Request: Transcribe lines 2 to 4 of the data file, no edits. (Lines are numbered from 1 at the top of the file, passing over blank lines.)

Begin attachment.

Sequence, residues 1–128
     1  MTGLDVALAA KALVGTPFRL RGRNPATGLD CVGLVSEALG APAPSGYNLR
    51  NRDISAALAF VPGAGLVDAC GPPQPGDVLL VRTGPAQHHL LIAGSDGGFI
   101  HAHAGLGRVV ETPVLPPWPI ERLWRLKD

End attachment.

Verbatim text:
     1  MTGLDVALAA KALVGTPFRL RGRNPATGLD CVGLVSEALG APAPSGYNLR
    51  NRDISAALAF VPGAGLVDAC GPPQPGDVLL VRTGPAQHHL LIAGSDGGFI
   101  HAHAGLGRVV ETPVLPPWPI ERLWRLKD